I struggled over this for hours, until my brain got bored with stressing about it. So instead, I did my usual trick…
‘Just think of something; anything that I can write about and go from there. Maybe it will turn out OK once that writing machine has had its literary way with it.’
My brain whirred and clicked into action, it was too soon after brushing my teeth to consider having another coffee so I was on my own with this one. Then it came to me, there’s a rite of passage that everyone goes through; something that not only defines you as an adult but also dictates most of your teenage life. Today I’m going to re-tell the story of the first time I drank a little more than any normal person should.
So here we go. Hope you enjoy it, if not… well it’s keeping me busy. Oh and in lieu of the comments for the previous flash fiction I will be taking my sweet time and checking it through thoroughly. Read more
This weeks flash fiction is based around these rather spectacular Russian photos, and some of them are pretty goddamn weird. I advise everyone to have a look at them, and just try to imagine the crazy-ass circumstances that would have led to that photo being taken. Anyway, the Terribleminds.com flash fiction challenge requires me to choose one of those photo’s and use it as inspiration for a piece of flash fiction of no more than 1000 words.
I chose this fantastic image…
…and used it to come up with this. I hope you like it, and want to click the little like button at the bottom or even better leave me a comment packed full of free and useful advice.
Thanks for reading.
More flash fiction goodness, and this week it is all about motifs. Terribleminds.com gave us a list of motifs, settings and sub-genres to randomly choose from. Whatever we chose or generated randomly should be used as part of this weeks flash fiction challenge entry. I rolled my metaphoric dice and I got…
- Motif – skulls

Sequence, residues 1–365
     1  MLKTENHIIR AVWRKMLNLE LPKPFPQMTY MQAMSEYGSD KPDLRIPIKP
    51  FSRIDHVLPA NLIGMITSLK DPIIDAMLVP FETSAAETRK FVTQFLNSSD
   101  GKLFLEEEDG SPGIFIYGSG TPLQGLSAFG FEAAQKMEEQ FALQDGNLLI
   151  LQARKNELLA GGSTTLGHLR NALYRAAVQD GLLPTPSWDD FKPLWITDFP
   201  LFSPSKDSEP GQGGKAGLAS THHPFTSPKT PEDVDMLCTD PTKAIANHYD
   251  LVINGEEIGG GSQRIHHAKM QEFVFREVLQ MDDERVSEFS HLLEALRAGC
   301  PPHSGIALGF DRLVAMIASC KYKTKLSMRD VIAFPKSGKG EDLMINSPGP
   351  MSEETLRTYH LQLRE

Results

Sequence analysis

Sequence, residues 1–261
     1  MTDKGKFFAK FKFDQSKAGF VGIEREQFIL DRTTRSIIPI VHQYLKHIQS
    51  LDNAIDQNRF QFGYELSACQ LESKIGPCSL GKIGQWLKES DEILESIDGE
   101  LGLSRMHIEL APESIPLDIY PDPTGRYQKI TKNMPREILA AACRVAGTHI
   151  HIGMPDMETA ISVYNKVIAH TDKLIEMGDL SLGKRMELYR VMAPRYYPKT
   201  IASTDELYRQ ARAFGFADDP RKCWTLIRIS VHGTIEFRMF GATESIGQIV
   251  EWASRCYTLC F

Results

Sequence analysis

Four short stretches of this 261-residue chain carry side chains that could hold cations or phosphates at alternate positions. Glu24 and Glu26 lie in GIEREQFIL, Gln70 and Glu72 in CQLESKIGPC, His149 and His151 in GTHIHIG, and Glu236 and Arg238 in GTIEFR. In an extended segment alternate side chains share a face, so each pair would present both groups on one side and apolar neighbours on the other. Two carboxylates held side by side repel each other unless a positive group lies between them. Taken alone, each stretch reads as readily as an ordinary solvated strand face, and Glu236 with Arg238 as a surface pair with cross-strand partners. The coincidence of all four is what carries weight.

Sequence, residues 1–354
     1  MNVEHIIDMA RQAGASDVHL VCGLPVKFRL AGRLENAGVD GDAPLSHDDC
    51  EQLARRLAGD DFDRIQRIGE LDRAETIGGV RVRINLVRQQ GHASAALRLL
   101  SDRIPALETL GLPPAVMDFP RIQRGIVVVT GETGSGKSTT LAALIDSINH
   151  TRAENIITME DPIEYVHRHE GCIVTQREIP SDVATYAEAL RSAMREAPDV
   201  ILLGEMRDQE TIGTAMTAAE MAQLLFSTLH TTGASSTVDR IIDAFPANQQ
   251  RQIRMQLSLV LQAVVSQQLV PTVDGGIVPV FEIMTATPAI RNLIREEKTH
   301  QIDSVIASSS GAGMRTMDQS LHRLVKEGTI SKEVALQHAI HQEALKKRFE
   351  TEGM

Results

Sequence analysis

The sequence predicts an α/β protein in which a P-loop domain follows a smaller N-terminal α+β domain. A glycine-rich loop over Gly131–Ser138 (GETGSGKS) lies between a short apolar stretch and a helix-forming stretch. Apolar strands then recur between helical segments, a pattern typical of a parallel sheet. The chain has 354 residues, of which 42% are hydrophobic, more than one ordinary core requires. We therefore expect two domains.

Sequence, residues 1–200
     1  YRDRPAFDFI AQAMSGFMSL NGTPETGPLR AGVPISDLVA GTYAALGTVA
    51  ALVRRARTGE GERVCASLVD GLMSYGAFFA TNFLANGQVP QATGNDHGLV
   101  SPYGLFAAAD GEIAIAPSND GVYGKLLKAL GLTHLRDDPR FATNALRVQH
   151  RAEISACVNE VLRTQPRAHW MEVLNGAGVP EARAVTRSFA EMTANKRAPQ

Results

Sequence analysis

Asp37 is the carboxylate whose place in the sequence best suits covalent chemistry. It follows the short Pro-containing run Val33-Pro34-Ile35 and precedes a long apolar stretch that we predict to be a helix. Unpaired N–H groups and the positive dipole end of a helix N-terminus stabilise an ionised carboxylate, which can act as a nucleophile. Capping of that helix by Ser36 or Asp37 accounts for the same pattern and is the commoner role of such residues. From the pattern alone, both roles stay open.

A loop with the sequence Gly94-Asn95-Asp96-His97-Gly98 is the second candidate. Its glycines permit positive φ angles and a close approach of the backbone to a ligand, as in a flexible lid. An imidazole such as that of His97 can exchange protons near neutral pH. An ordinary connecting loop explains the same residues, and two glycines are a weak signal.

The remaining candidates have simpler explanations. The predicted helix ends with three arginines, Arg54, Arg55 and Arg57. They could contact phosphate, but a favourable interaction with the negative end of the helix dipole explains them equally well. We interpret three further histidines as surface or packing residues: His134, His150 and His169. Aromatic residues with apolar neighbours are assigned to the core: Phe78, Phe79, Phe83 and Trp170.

- Subgenre – Cozy Mystery
- Setting – A villain volcano lair
Now, I know the dictionary definition of a motif…
“A recurrent thematic element in an artistic or literary work.”
… but I have never every thought about using one in fiction so forgive me if my usage is a little clumsy. I would love to know about any advice you may have for using motifs. Is it really as simple as just mentioning the motif a few times? I’m guessing not
This weeks Flash Fiction challenge hosted at Terribleminds.com is a picture based challenge. He gave us a link to this website that showed us 24 truly astonishing pictures from places you would struggle to believe actually existed and weren’t Photoshop creations. All we had to do was to choose one of them and use it as inspiration for your piece of flash fiction.
I choose this photo of the Crystal Caves in Skaftafell in Iceland. Luckily the flash fiction challenge stipulated that I only had to be inspired by the photo and not actually include it, because I deviated a little from my original idea. Hopefully, you can at least see where I got my inspiration.
As usual, I am always looking for comments, help and advice etc. So if you have any of that, please leave it in the comments below.
Here it is…
In a similar vein to last weeks Flash Fiction hosted at Terribleminds.com, we have a whole new set of lists to generate our Flash fiction details from. With a deft flick of the wrist, I rolled my D10’s and generated the following items.
- Sub-Genre: Weird West
- Conflict: Someone’s been poisoned
- Must feature: A mysterious stranger
Oh, and when I say I rolled a D10, I didn’t. That was a bit of creative license on my part, I used an online number generator but I thought the dice version was punchier.
Anyway, please let me know what you think in the comments bit. What did you like? What didn’t you like? How would you change it? etc. It’s all very helpful to me.
So here it is…
Does bumping work? No-idea, but it’s worth trying something to get a few more votes on this thing.